Dump operator found guilty of civil contempt as debris landslides threaten in Ventura and Los Angeles counties
Less than five weeks are left until the Ventura County Sheriff comes looking for notorious illegal dump operator Wayne Fishback, who has destroyed huge areas of once-pristine land in both Los Angeles and Ventura counties.
These unstable dumps remain landslide hazards in both counties even as Fishback has finally been held to account. Massive walls of dump construction debris and dirt could destroy hundreds of properties in both counties and possibly harm unsuspecting people in the most horrific way. The damage he has caused appears irreparable as it would cost tens of millions to excavate and transport away.
EnviroReporter.com has followed this story for 14 years, taking hundreds of photographs of Fishback’s two huge dumps. Now we’ve uncovered even more evidence of the monies Fishback made off of his Browns Canyon illegal waste site in western Los Angeles County adjacent to Porter Ranch. EnviroReporter.com also has attained information and eyewitness documentation that shows the landslide potential of both Fishback dumps.
Fishback was convicted of civil contempt of court in Ventura on December 18, 2019 for failing to submit a cleanup plan for the massive dump he operated in the eastern part of the county near the grossly polluted Santa Susana Field Laboratory (SSFL). He was given 60 days to comply including obtaining all the necessary permits or check into jail, that or the Sheriff will come looking for him.
Fishback was also ordered to clean up the massive Ventura dump within 180 days of cleanup plan approval or sit in county jail until it is done. The Ventura dump took in an estimated 100,000 cubic yards of construction debris and 40,000 cubic yards of soil to hide it, which according to 2015 court documents, would fill an eight-story-high football field. That means a lot of jail time.
The scene of this environmental crime is a 42.3 acre tract three miles west of Chatsworth, created by the merging of 18 parcels off of the North American Cutoff dirt road. The property is across from Sage Ranch Park and just up Black Canyon Road from SSFL, site of multiple partial nuclear reactor meltdowns and now a cleanup battleground.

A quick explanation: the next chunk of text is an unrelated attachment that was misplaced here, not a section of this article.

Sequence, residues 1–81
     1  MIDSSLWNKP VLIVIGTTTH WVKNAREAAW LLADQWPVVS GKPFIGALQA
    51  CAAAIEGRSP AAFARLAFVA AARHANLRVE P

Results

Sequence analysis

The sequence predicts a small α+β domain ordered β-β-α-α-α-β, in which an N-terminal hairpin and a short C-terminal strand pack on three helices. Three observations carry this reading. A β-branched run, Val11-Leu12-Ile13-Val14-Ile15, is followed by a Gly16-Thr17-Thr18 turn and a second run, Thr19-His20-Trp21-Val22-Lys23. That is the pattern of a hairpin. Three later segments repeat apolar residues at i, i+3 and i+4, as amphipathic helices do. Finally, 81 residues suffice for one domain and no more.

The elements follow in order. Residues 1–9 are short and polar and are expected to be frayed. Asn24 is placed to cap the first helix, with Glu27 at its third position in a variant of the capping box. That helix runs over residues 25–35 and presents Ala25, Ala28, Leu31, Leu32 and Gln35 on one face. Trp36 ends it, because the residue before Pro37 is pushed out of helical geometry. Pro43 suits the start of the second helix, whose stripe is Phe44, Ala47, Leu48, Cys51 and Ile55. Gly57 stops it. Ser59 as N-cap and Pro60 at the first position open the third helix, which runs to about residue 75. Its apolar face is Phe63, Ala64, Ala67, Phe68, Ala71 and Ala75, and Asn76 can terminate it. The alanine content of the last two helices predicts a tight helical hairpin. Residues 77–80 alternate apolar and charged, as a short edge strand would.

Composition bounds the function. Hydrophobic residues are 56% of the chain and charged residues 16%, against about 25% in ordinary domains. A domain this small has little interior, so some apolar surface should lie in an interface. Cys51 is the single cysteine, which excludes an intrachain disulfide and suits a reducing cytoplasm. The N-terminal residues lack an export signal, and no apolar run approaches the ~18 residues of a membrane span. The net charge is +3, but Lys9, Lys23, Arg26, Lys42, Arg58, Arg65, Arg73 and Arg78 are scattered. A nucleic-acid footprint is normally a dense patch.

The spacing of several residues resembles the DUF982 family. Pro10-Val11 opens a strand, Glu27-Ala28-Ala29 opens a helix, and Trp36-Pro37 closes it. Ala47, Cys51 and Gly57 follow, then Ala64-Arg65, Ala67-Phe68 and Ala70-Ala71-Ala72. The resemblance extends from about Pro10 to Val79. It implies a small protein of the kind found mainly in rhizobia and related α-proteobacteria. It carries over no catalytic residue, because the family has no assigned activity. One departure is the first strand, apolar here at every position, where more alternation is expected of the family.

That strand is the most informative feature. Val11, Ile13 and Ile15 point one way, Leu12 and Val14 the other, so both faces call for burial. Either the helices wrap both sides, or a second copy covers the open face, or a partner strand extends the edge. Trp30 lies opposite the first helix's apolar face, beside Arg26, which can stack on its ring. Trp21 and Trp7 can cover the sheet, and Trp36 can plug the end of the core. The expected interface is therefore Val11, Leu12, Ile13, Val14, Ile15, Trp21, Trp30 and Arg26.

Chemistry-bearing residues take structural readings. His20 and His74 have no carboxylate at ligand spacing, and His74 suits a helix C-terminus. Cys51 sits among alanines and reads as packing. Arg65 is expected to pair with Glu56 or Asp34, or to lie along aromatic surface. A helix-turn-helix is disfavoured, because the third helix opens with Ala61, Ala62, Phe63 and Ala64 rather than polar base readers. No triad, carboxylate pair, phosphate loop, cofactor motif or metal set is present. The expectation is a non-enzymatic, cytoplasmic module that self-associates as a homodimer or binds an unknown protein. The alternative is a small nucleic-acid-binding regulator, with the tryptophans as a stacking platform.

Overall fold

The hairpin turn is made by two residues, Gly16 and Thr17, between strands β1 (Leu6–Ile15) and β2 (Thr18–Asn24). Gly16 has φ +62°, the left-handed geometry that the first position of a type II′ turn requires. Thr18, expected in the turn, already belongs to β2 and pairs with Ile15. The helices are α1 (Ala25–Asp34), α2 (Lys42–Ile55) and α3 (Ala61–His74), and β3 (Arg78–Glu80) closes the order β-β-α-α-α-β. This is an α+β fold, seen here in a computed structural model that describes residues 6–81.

Regardless, the site was once one of Ventura County’s most beautiful set of rugged hills of rock outcrops among thin soils covered in chaparral. Now the land is a series of deceptive terraces filled with debris and garbage covered haphazardly by dirt. The cracks, fissures and cave-ins riddle the land high above homes below with owners likely unaware of the debris slide potential. A disaster could send 400,000 pounds per second of concrete, rebar and trash crunching down the mountain at 20 miles per hour for miles into Simi Valley.
“Best holiday gift for the 850,000 residents of the County of Ventura,” wrote private attorney for Ventura County in the Fishback case David J. Cook in emails sent to EnviroReporter.com on Christmas Eve 2019. Cook, who represented families of marines killed in the 1983 bombing of the U.S. embassy in Beirut in the partial collection of the $2.6 judgment against Iran, later added, “Should Mr. Fishback fail to comply and fail to voluntary surrender himself, the court will issue a bench warrant for his arrest.”